When interviewing employees for a job promotion, it is probably best for the employer to have selection criteria that go beyond an employee’s performance during the job interview.
In the case of Hill v. Commonwealth of Virginia Department of Transportation (“VDOT”) (2013), a Virginia Federal District Court held that the employer’s stated reason for passing over the Plaintiff was not enough to grant summary judgment in favor of the employer. Plaintiff, Pamela Hill, applied for the position of assistant district administrator for construction and preliminary engineering. She, along with eight other candidates, interviewed for the position. Ultimately, a male colleague, Christopher Blevins, was chosen for the promotion. Hill alleged gender discrimination under Title VII of the Civil Rights Act of 1964 for being passed over for the position. Hill alleged that she was more qualified than Blevins and cited to her seventeen years of experience working for VDOT, prior promotions, supervisory experience, and her Bachelor’s Degree in Mining Engineering (Blevins did not have a college degree). At summary judgment, VDOT apparently did not argue that Blevins was more qualified than Hill. Instead, VDOT relied solely on its assertion that Blevins provided better answers to the interview questions than Hill.
In denying VDOT’s summary judgment motion, the Court held that Defendant’s nondiscriminatory reason for denying Hill the job promotion – a few lines of interview notes from the candidate interviews – was “entirely subjective and meagerly explained.” While the Court readily acknowledged that prior cases within the Fourth Circuit have upheld subjective employment decisions based (at least in part) upon interviews, it noted that those cases also included some objective criteria upon which the employer based its employment decision. Ultimately, the court held that VDOT’s reliance solely upon a few lines of interview notes was not enough to meet its burden at the summary judgment stage, and the case was allowed to proceed to a jury trial on the merits.
While it is fine to make a promotion based upon performance during an interview, this court decision is a reminder to employers that additional and objective promotion criteria should be utilized and documented in order to provide a clear non-discriminatory reason for the promotion decision.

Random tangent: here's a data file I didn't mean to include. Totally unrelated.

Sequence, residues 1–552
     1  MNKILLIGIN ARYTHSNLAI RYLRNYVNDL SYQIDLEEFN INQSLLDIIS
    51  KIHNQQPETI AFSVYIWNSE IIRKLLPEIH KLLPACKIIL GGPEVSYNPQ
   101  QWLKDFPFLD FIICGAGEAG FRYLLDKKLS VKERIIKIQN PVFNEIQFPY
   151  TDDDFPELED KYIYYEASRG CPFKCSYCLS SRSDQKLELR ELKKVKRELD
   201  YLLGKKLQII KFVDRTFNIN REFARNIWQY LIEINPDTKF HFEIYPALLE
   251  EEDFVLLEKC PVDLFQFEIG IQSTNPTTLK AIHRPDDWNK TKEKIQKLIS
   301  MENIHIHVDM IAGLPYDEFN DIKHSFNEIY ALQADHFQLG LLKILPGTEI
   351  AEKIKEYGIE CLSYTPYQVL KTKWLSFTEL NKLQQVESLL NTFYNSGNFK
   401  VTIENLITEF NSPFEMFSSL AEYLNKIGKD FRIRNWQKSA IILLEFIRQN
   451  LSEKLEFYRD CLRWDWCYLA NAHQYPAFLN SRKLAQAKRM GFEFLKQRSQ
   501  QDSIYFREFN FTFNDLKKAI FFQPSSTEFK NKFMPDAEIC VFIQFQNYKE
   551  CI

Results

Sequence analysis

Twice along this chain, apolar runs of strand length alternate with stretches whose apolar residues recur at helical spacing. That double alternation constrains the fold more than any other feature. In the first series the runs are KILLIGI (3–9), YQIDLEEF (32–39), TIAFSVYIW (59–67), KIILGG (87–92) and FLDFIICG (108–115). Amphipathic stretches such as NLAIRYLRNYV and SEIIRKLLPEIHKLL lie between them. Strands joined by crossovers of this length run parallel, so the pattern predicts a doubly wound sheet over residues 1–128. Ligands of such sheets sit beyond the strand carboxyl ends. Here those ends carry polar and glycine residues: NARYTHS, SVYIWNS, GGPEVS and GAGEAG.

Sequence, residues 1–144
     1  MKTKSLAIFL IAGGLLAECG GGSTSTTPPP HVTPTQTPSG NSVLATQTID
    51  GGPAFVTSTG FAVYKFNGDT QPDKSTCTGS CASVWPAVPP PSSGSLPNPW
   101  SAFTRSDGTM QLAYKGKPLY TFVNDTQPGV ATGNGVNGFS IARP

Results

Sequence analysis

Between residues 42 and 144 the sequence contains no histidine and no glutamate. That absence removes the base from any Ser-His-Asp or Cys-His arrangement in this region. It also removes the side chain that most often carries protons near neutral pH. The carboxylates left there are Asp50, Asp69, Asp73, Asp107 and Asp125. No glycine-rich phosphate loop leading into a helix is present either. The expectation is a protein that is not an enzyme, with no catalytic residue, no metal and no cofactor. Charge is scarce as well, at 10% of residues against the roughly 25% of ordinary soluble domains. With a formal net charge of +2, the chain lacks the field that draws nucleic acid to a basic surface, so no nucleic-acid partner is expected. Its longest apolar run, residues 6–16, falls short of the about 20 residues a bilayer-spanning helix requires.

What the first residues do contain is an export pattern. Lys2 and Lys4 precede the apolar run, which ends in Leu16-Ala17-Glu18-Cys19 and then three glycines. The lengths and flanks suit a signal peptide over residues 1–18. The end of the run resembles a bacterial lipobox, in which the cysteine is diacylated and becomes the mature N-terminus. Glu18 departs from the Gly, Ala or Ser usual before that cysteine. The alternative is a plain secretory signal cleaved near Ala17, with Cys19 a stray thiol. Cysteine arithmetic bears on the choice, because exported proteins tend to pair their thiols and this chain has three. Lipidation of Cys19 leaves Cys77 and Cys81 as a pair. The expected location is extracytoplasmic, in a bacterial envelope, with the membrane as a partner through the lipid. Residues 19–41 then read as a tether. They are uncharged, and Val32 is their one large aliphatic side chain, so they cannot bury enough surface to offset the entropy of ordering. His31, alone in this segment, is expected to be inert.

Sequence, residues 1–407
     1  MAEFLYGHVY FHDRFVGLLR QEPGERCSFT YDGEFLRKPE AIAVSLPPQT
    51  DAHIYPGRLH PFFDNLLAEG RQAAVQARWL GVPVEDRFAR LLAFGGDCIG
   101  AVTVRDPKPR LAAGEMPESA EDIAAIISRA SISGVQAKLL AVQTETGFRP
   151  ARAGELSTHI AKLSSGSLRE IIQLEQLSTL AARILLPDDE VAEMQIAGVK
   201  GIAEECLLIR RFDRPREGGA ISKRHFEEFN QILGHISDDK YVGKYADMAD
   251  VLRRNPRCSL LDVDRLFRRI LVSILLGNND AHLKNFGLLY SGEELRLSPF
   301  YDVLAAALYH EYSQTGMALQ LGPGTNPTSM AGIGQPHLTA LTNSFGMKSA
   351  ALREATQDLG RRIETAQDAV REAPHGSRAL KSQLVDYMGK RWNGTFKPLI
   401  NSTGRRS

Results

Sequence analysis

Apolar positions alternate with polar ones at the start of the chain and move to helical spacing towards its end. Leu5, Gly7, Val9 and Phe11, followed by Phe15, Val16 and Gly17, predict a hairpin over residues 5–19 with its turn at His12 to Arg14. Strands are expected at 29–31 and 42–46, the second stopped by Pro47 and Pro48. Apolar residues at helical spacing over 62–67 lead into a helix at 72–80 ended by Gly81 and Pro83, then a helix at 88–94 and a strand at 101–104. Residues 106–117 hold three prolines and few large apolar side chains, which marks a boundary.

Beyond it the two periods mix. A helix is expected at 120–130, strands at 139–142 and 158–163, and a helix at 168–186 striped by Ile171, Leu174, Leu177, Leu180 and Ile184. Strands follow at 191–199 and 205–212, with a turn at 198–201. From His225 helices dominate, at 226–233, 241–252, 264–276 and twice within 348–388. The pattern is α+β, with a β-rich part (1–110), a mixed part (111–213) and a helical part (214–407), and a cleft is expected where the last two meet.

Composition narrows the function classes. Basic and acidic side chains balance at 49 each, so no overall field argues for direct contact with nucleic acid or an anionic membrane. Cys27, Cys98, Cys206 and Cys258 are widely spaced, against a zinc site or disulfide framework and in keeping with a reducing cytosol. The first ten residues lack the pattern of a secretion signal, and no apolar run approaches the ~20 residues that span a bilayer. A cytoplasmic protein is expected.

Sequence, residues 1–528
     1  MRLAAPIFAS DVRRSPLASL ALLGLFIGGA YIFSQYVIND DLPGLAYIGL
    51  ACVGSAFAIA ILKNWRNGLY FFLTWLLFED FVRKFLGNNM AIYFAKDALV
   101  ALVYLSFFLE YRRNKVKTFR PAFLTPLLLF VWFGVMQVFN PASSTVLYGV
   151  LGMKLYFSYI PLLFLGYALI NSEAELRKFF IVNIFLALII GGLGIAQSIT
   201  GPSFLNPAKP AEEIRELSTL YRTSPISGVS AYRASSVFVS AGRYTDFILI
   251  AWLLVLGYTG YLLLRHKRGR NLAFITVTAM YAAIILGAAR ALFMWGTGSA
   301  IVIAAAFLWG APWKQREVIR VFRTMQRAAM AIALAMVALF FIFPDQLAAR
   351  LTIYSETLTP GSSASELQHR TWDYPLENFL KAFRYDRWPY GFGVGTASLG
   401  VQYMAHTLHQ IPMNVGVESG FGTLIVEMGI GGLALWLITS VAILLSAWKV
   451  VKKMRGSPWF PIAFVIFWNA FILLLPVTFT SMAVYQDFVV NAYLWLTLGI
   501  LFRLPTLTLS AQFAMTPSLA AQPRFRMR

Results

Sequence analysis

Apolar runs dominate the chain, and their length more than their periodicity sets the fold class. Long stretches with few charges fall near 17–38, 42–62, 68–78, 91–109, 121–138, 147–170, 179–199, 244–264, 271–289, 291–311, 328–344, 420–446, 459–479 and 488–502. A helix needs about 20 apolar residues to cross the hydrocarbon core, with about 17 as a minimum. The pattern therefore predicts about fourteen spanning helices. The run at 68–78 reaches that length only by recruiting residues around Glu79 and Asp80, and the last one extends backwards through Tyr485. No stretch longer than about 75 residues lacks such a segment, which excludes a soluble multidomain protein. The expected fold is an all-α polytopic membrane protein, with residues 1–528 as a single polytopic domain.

© Copyright, PCT Law Group 2013, all rights reserved.
In EEOC v. Fairbrook Medical Clinic, a Title VII sexual harassment case in which the Equal Employment Opportunity Commission (EEOC) brought a lawsuit on behalf of a woman doctor against her former employer, the Fourth Circuit Court of Appeals (4th Circuit) reversed the district court’s grant of summary judgment and remanded the case to the district court for trial. The 4th Circuit determined that the defendant employer’s alleged conduct, if proven true, was severe enough to alter the conditions of the plaintiff employee’s employment and create an abusive work environment.
According to the summary judgment record, the plaintiff employee was subjected to nearly four years of harassment by the owner of a family medical center. Throughout the duration of her tenure with the defendant employer, the owner of the medical center (who was also the plaintiff employee’s immediate supervisor) created a hostile work environment by: routinely making vulgar and sexually graphic comments to the plaintiff employee; repeatedly showing the plaintiff employee an x-ray of his torso, which included an image of what he called “Mr. Happy;” openly discussing with the plaintiff employee his sex life and bragging that his wife was “nice” and “tight” because she had a c-section instead of vaginal delivery; and, telling the plaintiff employee’s patients, in her absence, that they could follow up with the plaintiff “when she returns from screwing.” Additionally, during the plaintiff employee’s pregnancy and continuing after her return from maternity leave, the defendant employer commented on the size of the plaintiff employee’s breasts and offered to help her pump them. After assisting the plaintiff employee with a contract dispute with a vendor, the defendant employer told the plaintiff employee that she owed him and asked, “Are you going to let me help you pump [your breasts]?”